Exeter MP Ben Bradshaw has launched a scathing attack on the process of the police and crime commissioner elections following the lowest turnout for a national poll in history.
Only 15.44 per cent of the electorate in Exeter voted in the election – broadly representative of the national figure. The result for the Devon and Cornwall police and crime commissioner is due to be announced this afternoon with the winner taking responsibility for setting police policy and budget and the incumbent will also have the power to hire and fire chief constables.
But ahead of the announcement Mr Bradshaw said: "The turnout is absolutely shocking and it shows what a complete farce this whole process has been. It discredits the whole process and the result. The government need to go back and look at this all again.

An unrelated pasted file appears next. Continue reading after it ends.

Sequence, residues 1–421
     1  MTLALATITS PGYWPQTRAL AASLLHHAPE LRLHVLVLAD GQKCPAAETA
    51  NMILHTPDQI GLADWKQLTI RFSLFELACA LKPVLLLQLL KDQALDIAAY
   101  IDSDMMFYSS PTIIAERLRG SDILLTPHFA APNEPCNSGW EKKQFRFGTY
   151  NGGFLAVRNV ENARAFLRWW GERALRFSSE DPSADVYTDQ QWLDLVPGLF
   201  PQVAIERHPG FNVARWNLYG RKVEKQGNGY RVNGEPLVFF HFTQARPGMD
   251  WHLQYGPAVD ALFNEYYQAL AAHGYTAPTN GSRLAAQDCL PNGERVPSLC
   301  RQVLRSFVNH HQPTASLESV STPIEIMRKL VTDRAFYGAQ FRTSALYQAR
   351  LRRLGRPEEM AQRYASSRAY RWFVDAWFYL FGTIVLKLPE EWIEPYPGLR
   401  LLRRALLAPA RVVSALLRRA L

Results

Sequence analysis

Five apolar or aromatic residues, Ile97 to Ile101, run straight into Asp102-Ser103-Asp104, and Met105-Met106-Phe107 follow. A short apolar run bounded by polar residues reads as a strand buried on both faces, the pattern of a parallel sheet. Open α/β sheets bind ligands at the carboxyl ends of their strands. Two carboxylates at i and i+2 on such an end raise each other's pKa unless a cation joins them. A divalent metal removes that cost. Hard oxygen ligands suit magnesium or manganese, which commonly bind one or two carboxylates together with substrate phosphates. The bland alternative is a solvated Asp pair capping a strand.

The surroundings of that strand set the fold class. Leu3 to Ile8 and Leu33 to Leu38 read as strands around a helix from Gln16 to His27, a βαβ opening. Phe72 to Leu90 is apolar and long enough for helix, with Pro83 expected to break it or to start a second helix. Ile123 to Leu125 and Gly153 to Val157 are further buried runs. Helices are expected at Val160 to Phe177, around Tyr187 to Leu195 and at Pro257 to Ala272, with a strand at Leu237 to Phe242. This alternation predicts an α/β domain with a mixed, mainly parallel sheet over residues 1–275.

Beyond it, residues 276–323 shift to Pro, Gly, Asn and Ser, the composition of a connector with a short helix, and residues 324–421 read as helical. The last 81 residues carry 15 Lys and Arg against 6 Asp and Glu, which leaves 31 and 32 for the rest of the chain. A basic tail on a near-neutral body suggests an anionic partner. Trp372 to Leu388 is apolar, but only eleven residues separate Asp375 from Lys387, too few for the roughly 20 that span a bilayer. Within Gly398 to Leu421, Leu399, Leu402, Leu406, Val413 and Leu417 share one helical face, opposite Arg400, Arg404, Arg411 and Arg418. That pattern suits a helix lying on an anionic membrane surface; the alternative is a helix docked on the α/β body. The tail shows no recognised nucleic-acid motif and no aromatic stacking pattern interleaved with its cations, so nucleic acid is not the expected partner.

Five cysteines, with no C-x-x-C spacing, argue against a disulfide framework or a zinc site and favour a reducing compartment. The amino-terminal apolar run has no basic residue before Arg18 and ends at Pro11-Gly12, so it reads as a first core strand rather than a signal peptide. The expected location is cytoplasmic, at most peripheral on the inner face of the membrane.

"We need to wait and see what the result is but to try to run a police service on a mandate of 15 per cent is extremely difficult. The legitimacy of the post will clearly questioned as a result.
"I don't blame the candidates themselves– this rests with the government. Partly because people don't agree with elected police commissioners generally but the government has done nothing to explain or sell the policy properly in my view. I have also found, when I have been in Exeter, that in the days running up to the vote people did not know who their candidates were and had received no information. This is because the government refused to fund a mail out. They have rightly been castigated by the electoral commission.
"How on earth can ordinary voters know who they were and what they stood for? "It has been a complete shambles. It was the lowest turnout in history for any election."